Cooking pancakes next to a politician pretty much-confirmed everything I've ever feared about those who make it a career.

msheldrake, ThinkStock
msheldrake, ThinkStock

First up, the folks I cooked pancakes for pretty much quit inviting politicians because they realized not much cooking would be done. Still, it's hard not to add a little what-suffices-for-glamour to an event.

So after I threw down on the grill for a couple of hours, I was joined by a congressman. I was very cordial showing him how it was done (no big, but it's a little different when you're cooking 50 at once). I pointed out the cottonseed oil to the politician who then stopped and took a photo op with it. He then stopped every few minutes to take pictures or shake hands or go off and talk to people. It was pretty clear that getting cakes on a plate was not among his top priorities.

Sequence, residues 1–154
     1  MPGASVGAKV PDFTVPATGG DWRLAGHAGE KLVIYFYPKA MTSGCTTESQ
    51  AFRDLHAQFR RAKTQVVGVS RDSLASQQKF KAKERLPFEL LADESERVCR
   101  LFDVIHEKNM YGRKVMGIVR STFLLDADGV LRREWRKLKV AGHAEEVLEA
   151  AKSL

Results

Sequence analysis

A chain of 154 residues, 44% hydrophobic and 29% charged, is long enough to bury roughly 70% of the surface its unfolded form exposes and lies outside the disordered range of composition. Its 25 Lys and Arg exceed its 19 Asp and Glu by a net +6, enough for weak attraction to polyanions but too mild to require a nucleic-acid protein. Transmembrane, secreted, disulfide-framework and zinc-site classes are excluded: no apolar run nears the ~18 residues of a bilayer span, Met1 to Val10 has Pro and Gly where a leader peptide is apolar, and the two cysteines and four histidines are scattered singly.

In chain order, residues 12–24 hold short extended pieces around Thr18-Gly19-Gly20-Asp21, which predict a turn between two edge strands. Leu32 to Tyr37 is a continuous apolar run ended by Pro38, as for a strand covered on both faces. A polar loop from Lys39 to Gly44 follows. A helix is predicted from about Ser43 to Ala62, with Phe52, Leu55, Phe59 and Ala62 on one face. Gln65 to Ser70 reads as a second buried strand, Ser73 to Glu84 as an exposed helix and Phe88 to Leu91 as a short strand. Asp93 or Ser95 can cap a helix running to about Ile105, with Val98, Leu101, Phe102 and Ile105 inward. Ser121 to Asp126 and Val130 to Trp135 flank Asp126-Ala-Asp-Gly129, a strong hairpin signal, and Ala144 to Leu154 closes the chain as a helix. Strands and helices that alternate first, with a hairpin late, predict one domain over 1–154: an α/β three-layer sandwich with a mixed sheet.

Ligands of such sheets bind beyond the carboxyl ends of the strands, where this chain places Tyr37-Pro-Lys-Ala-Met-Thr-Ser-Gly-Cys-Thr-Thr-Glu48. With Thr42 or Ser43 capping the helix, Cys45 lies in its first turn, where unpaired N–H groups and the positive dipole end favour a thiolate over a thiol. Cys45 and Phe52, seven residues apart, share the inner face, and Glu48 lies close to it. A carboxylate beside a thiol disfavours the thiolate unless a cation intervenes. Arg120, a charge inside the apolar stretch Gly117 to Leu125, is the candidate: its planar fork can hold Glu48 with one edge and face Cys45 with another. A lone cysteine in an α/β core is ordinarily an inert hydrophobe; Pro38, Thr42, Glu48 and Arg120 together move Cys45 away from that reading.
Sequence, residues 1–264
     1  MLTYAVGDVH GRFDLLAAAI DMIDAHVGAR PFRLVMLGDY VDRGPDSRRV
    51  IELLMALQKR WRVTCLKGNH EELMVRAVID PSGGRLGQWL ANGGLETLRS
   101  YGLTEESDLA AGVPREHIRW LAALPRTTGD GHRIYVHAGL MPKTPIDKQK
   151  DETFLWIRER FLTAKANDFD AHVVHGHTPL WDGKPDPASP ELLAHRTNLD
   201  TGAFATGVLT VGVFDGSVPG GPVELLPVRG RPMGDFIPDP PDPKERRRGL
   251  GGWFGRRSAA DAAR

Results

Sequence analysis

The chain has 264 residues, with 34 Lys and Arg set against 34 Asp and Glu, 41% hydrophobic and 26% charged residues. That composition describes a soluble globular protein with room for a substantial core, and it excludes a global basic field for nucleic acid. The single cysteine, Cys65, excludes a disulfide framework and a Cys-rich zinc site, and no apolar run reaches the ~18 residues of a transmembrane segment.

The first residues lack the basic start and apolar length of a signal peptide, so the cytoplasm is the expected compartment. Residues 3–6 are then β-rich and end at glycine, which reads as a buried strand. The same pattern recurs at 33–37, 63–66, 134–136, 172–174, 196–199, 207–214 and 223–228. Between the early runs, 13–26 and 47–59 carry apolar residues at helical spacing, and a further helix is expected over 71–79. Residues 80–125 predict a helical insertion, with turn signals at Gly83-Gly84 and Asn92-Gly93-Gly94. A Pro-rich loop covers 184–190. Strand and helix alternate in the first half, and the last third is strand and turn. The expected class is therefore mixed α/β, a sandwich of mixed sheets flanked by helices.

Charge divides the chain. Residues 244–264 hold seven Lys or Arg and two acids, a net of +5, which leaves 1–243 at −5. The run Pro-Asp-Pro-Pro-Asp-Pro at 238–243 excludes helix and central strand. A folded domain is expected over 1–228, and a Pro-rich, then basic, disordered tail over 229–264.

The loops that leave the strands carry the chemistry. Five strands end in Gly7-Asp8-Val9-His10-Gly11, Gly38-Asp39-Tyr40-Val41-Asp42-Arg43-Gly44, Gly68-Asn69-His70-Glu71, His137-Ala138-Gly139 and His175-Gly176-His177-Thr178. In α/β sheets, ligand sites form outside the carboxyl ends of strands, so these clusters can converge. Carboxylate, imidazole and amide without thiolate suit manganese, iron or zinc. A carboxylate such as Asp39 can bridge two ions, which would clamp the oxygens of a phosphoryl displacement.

I want you to think about this for what it was.  When it was time to work, he left that to someone else. When people needed to be served, he left that to someone else. When people were hungry, he was unconcerned. He was only, and that is only, interested in whatever it took to stay in the public eye.  Oh, and as he was walking away the last time, after I helped and covered for him for the 30 minutes (out of an hour) that he was scheduled, he managed to leave me with an ignorant comment about my appearance ("Maybe we can get rid of that caterpillar under you lip").

I'm never going to forget this. I believe in deeds, not words. I believe in action and not just smarmy glad-handing. It's time we demand more of our representatives. It's time we elect people who are actually interested in lending a helping hand when needed and not just making a show of it.

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